Matt Harvey chooses rehab over surgery

by Paul Raymond | Posted on Tuesday, September 17th, 2013

New York Mets pitcher Matt Harvey has decided that he’ll use rest and rehabilitation to heal his partially torn UCL in an attempt to avoid Tommy John surgery. The pitcher went for a second opinion yesterday with Dr. James Andrews and apparently it went well enough to wear Harvey chose rehab. He’ll rest for one to two months and then begin a throwing program. If that goes well he’ll avoid surgery, if not he’ll need undergo the knife.

Mets star right-hander Matt Harvey is expected to try to avoid Tommy John elbow surgery after seeing noted sports doctor James Andrews on Monday.

The diagnosis apparently was positive enough that Harvey is expected to try rehab for now, then begin a throwing program in 1-2 months. Surgery remains a possibility, depending on how the rehab and throwing go. (CBS Sports)

Personally, I think Harvey will need to have surgery but it really doesn’t hurt him to try the rehab option first, it’s the perfect time of year. No matter when Harvey has his surgery, now or three months from now, he’ll miss the entire 2014 season. That means there’s no rush to make a decision.

If rest and rehab works he’ll be on the mound opening day for the Mets. If not he’ll have surgery and he’ll be ready for the start of the 2015 surgery, just like if he went with surgery from the start.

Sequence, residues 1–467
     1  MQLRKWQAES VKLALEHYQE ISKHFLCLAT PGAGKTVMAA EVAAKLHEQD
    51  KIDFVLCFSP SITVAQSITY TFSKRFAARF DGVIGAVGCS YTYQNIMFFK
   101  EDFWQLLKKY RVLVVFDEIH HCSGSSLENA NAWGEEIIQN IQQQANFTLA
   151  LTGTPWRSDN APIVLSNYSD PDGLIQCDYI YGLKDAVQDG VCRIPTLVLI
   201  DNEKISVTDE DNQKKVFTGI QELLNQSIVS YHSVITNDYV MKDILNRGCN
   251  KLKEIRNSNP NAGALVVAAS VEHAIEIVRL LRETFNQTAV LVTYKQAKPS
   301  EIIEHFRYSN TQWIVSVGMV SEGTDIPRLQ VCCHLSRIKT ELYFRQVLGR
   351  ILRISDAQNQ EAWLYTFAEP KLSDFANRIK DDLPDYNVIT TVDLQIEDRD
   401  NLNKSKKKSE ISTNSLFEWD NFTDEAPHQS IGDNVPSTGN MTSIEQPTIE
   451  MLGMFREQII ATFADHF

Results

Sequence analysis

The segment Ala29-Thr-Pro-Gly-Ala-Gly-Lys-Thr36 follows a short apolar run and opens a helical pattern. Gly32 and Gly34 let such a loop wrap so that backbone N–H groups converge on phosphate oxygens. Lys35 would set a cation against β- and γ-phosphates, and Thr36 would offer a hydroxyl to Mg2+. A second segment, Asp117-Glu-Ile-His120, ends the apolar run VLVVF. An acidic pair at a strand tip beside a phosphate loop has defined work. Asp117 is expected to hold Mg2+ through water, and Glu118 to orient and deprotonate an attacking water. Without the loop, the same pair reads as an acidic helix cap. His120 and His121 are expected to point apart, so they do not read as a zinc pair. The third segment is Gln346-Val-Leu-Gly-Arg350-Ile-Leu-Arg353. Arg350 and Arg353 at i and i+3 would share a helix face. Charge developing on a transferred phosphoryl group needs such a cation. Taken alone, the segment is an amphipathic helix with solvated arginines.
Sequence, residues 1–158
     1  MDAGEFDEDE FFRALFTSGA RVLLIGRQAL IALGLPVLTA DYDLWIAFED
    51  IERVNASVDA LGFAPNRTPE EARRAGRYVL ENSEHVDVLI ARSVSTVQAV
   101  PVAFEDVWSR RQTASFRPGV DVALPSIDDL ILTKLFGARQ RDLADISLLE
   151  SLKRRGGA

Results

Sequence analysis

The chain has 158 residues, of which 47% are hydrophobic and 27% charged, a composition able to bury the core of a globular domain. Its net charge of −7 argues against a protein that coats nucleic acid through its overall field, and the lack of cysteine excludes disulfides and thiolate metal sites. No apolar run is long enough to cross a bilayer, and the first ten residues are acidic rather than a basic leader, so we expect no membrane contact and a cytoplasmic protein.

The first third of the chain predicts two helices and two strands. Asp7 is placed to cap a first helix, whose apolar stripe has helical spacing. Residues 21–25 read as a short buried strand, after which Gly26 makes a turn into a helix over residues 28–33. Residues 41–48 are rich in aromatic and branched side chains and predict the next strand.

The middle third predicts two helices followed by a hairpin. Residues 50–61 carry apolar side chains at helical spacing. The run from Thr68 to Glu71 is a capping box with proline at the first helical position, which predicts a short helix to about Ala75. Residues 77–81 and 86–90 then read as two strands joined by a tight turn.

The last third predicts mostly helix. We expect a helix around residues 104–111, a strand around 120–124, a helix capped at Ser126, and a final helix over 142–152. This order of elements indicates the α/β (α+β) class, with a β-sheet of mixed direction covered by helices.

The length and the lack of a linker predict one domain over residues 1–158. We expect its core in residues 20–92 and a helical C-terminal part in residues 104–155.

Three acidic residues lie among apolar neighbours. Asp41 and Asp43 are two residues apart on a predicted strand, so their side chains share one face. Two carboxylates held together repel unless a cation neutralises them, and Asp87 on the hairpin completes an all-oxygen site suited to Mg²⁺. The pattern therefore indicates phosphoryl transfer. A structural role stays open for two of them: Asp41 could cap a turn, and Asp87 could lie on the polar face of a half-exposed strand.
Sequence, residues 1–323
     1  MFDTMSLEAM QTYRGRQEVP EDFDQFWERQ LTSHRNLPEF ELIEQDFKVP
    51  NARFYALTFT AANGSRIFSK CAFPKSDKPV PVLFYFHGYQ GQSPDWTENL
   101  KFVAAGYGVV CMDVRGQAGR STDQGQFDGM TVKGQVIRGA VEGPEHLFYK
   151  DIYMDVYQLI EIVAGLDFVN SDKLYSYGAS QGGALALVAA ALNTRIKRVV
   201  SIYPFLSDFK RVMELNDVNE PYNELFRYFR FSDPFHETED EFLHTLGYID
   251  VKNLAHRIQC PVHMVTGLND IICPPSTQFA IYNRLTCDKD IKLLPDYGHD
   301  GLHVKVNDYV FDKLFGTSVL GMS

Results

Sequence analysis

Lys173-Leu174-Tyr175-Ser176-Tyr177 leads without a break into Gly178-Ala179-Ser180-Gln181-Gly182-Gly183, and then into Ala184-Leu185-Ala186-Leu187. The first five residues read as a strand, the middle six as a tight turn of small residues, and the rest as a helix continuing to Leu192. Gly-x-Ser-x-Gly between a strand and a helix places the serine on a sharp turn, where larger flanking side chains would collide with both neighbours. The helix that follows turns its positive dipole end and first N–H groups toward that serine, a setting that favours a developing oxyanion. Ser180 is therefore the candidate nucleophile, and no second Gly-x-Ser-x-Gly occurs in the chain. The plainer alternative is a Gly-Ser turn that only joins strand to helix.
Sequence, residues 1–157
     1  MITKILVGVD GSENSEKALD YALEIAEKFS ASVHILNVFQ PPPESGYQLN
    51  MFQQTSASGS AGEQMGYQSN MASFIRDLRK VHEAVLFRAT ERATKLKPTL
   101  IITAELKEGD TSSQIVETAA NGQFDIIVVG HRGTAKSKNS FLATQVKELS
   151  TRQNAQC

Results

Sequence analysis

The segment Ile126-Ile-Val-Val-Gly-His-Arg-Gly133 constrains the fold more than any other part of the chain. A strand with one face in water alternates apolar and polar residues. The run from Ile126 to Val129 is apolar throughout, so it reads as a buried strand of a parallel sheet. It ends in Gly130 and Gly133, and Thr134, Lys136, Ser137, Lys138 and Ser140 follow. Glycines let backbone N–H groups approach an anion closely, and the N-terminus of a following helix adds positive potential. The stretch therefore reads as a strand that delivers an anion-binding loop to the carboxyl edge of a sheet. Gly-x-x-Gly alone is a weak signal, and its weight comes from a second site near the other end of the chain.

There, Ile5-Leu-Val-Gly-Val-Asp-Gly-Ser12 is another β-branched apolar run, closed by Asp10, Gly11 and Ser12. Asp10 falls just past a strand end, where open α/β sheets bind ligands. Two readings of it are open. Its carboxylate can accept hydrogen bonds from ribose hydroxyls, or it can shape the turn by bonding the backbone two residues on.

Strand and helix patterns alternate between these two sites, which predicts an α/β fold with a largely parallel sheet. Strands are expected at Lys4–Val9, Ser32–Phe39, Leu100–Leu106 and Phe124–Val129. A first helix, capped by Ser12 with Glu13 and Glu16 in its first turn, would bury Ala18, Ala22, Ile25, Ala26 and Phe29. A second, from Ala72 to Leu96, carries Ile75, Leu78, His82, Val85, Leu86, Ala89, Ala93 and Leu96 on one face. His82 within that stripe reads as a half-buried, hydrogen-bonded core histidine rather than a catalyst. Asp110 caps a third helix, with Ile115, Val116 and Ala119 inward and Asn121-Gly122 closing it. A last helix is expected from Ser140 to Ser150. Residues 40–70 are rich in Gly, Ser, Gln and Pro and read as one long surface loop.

Now why do I think he’ll need surgery? It’s very rare for a pitcher to have this injury and go on with a long, successful career without the surgery. Harvey has been using Philadelphia Phillies pitcher Roy Halladay as proof that you can go on without it. There’s two problems with that.

Doc is a workaholic and spends a lot of time in the gym, he’s built up other parts of his body to help with the strain. Who knows not having the surgery could have led to his shoulder issues over the past couple years, you know the old using other parts of your body to compensate.

The other problem is cases like Halladay are very, very, very rare. In this whole debate about surgery or not have you heard of any other pitcher mentioned as avoiding the surgery? I know I haven’t.

For the short term this could help him got back onto the mound and help the Mets. Long term? Well it’s most likely best for his future to just have the surgery. It’s better to have this now when you’re young and can bounce back quicker.

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